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  1. #11
    gainer's Avatar
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    We need to devise a special diet for photographers that will promote the production of nose oil.

    I think it was the people who made Omega enlargers who had an oil immersion negative transport for 35 mm photographers who have the most problems with these fine scratches. I wonder if they sold nose oil to go with it.
    Gadget Gainer

  2. #12

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    Dear Smudger,

    Consider trying scanning fluid. Watch the flammability though when comparing brands.

    Neal Wydra

  3. #13

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    Quote Originally Posted by Neal View Post
    Dear Smudger,

    Consider trying scanning fluid. Watch the flammability though when comparing brands.

    Neal Wydra
    Or turn-signal fluid?

  4. #14

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    Quote Originally Posted by PHOTOTONE View Post
    Hard to use nose oil if you are printing 100 negatives in a session.
    Do you know of someone with this many scratched negs?

  5. #15
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    The alternative oil to use is a type of silicone oil which does not evaporate and form a skin like turpentine. This is used in all wet gate printing.

    PE

  6. #16
    gainer's Avatar
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    Quote Originally Posted by jim appleyard View Post
    Do you know of someone with this many scratched negs?
    It could happen if its due to a scratch on the film path and you run 3 or more 36ers through before you find it. Reminds me for some reason of the "Dont you just hate it when..." skits I used to see on Saturday Night Live.
    Gadget Gainer

  7. #17
    Dave Krueger's Avatar
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    Luckily I have some reagent grade nose oil...

  8. #18
    AgX
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    One should distinguish between scratches

    -) on the emulsion side
    -) on the base side

    (In case the base has a dulling layer refer to the first case. Antistatic surfaces on the base should be of no interest I assume.)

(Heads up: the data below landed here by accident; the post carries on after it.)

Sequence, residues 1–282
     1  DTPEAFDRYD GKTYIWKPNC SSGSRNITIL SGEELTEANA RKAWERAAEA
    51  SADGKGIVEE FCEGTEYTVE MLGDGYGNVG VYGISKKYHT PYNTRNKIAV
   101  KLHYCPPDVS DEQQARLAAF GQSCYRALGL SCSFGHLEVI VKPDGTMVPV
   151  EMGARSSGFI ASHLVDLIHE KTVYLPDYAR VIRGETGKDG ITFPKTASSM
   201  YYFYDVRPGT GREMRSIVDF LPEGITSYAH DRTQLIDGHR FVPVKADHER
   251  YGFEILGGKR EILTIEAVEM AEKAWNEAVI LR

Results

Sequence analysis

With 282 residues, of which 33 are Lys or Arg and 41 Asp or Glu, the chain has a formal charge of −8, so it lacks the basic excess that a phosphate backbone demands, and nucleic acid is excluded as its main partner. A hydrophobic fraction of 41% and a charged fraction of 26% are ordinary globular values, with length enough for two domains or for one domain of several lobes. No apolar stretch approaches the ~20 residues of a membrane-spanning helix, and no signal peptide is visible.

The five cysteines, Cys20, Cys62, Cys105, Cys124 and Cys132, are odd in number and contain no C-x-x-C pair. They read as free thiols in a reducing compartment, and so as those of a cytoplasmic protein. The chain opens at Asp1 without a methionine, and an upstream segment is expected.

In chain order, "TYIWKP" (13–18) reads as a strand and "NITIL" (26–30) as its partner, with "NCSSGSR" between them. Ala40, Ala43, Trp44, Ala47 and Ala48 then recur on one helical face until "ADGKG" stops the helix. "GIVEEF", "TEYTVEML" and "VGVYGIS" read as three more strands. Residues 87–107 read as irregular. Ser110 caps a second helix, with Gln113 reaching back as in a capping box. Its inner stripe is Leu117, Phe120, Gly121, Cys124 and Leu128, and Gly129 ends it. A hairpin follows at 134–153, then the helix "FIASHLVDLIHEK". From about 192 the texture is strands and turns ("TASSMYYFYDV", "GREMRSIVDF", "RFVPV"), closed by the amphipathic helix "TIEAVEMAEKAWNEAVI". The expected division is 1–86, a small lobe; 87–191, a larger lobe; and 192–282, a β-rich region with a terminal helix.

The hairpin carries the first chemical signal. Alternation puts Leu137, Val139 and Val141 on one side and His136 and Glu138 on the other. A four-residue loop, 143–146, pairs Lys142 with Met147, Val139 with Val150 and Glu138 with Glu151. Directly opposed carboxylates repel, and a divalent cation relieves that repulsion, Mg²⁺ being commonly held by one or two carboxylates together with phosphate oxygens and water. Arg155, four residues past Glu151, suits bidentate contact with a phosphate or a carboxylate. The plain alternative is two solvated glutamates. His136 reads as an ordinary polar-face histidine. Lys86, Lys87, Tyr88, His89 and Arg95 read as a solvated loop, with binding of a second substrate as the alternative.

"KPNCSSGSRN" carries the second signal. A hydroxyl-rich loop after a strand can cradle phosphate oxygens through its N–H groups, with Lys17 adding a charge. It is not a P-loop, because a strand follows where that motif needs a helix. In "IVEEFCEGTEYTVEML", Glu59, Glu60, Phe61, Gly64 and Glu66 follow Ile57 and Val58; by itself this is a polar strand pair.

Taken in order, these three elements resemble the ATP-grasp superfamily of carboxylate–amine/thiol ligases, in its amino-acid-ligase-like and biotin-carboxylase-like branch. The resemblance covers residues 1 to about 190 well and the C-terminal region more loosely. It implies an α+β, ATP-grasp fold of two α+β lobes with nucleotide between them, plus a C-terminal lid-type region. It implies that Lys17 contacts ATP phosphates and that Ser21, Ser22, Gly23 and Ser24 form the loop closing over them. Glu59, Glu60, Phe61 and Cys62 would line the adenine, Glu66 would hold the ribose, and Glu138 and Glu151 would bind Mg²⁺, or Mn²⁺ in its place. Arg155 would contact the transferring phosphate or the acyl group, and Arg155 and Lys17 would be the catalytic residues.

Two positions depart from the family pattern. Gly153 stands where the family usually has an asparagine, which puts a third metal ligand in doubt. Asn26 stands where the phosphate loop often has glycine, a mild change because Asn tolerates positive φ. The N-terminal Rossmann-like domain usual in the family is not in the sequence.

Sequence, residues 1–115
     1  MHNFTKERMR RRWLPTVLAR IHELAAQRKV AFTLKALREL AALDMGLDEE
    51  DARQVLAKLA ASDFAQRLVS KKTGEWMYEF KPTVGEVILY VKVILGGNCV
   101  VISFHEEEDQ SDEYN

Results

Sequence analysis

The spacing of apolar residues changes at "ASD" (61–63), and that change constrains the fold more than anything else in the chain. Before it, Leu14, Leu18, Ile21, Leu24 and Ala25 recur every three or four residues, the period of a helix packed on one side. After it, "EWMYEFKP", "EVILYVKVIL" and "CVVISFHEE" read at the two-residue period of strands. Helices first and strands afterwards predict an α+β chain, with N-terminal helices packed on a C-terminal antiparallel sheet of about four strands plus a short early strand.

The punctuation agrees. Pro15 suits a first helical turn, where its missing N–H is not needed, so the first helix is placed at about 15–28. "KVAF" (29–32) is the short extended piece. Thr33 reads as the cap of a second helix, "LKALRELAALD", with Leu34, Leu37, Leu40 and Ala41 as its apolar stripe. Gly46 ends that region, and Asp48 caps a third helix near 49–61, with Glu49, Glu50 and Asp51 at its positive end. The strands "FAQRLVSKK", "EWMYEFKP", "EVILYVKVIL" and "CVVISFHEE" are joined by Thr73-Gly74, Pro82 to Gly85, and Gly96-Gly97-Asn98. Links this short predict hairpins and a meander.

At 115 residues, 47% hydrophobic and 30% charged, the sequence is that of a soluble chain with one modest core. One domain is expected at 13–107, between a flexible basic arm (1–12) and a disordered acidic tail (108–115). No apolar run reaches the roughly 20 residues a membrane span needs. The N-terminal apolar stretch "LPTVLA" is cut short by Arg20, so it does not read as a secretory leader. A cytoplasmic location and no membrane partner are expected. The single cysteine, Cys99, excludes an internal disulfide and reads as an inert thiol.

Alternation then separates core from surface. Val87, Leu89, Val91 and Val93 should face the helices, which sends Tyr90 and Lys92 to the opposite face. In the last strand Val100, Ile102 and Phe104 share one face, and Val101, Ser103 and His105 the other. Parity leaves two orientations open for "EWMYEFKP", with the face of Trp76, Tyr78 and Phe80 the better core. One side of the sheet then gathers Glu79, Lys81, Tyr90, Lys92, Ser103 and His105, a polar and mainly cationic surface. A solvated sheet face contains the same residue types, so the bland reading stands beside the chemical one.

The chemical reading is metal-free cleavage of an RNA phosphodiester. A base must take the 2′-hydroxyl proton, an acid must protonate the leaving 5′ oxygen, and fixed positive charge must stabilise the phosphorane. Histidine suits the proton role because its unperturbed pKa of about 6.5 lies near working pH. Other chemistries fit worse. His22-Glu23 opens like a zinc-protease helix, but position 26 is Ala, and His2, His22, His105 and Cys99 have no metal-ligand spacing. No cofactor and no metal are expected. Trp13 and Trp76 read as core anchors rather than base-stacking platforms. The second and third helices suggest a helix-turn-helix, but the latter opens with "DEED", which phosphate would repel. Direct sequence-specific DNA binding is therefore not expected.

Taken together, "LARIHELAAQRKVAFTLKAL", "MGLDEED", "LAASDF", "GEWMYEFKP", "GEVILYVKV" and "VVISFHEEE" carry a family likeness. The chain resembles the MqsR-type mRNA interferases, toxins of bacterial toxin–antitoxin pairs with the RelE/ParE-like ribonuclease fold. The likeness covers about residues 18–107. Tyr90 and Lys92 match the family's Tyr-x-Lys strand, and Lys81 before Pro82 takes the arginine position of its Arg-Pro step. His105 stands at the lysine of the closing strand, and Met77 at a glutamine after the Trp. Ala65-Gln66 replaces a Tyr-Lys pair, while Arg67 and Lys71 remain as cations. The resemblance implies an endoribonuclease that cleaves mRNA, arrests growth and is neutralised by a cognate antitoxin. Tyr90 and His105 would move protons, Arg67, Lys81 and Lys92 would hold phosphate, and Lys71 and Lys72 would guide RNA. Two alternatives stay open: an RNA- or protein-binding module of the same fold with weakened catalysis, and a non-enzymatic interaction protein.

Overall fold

The refractory index of gelatin is said to be 1.51 (with listings going from 1.465 to 1.550)
    A coating of some thickness (with the same ref.index as gelatin) on the emulsion side could reduce contrast but could also make image details visible again.

    (Tri-) Acetate has a refractory index of 1.48

    Polyester of 1.64


    a) Coatings in order to fill the scratches:

    Glycerine has a refractory index dependend on the amount of water absorbed covering the range given above.

    Tetrachlorethylene: 1.50 (very volatile though)

    A mixture of 9 parts Toluol an 1 part 1,1,2 Trichloro-1,2,2-Trifluoro-Ethane: 1.50

    Oil of cloves*l: 1.55

    Chinoline: 1.628

    Monochlornaphtaline: 1.633

    Monobromenaphtaline*: 1.656

    *could be mixed too

    (the tolerance between emulsion or base and the coating should be within 0.02 .


    b) Coatings just to give a dulle surface in order to countereact the refractory effect,

    c) dulling by another means,

    d) Smoothening the gelatin, and thus the scratches, by repeated swelling and drying


    I got all these ideas from a publication of our fellow member Gigabitfilm, who once made a factor-1000 enlargement of a pictorial negative and thus looked into film-surface problems.
    Last edited by AgX; 12-22-2007 at 05:25 PM. Click to view previous post history. Reason: tolerance

  9. #19
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    Quinoline (Chinoline in German), Monochloronapthaline and Monobromonapthalene are all quite nasty. I would avoid them at all costs. The other mixtures or chemicals such as tetrachloro ehtylene and the Toluol are not much better and the Toluol is quite flammable. The latter two are volatile.

    No, you need a non-volatile liquid that does not absorb moisture. Nose oil, glycerine and silicone oils will fill those requirements and are also relative to the ones mentioned above, non-toxic.

    PE

  10. #20
    AgX
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    To be fair to Gigabitfilm, he also referred to a silicone oil “Refrectasil” from the USA from 50 years ago with an refractive index of 1.46. But as I do not know whether this is still about, and for the rest silicone oils are not standardized I did not refer to silicone oils.

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